Ever since its premiere on 21 July, Barbie has dominated pop culture discourse around the world, East or West.
It crossed one billion dollars at the box office and had viewers (and celebs) globally donning all-pink outfits while snapping photos in front of life-size Barbie boxes, contributing to the film’s massive marketing campaign. Moreover, director Greta Gerwig's big-budget production reportedly caused a shortage of pink paint around the world.
Essentially, it was Barbie’s world, and we were all living in it.
So large was the buzz – and controversy – around the film, that even Christopher Nolan wanted to delay the release of his war epic Oppenheimer to avoid competing at the box office. Despite their wildly different genres and approaches, the two films became known as one entity – Barbienheimer. Yet Barbie outperformed Oppenheimer in terms of global revenue.
Perhaps the numbers came down to escapism. Moviegoers today seek out entertainment and a pretty picture, as opposed to death, murder, or the threat of global ruin, all of which were stars of Nolan’s film. Viewers' fears are evidently more grounded in the immediate future – rather than any distant one.
Live-action Disney remake The Little Mermaid, another great candidate for ‘escapism’ with its fantastical premise, starred Halle Bailey in her big-screen debut. It garnered more than $550mn worldwide, including the Arab world.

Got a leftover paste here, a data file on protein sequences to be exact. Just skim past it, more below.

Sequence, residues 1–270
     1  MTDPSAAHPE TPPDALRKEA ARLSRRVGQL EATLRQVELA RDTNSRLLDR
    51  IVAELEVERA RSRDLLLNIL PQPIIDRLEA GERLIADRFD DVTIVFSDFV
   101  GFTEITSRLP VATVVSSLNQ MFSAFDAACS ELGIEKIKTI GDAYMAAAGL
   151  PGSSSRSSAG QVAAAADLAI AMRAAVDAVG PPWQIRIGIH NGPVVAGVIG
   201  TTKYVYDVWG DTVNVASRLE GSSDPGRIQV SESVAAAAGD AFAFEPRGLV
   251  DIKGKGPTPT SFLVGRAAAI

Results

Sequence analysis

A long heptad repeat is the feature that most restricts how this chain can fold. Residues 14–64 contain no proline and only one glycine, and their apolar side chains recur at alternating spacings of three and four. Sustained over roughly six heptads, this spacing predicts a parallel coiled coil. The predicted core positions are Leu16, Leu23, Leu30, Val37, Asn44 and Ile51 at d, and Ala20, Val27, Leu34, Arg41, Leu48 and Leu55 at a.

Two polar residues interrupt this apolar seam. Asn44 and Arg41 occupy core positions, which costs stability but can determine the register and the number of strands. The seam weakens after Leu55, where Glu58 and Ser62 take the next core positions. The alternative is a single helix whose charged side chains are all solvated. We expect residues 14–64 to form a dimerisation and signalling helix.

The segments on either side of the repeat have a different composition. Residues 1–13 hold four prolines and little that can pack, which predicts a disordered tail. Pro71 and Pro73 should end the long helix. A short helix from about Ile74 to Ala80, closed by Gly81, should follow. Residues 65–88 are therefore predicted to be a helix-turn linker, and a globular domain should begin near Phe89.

A connective thread
The thread that binds Barbie and The Little Mermaid is that both films invite viewers to reflect on the current global, political, ecological and intellectual landscape.
Cinema, undoubtedly an avenue for entertainment, is also the magical bundle of light that has shaped and continues to shape our vision of worlds beyond the confines of a dark theatre. It’s the art of dreams, but also the art of discourse, ideas, and, sometimes, illusions.
Today, more than ever, we need to reflect on what filmmakers are offering us, engage with it, or even object to it, without necessarily trying to prevent that light from reaching us or others.
The two films have generated controversy for mostly superficial reasons, without reaching the core of what each film tries to encapsulate. Indeed, each film represents a kind of revolution, even if minimal, in its own way. But that doesn’t mean they didn’t ruffle some feathers.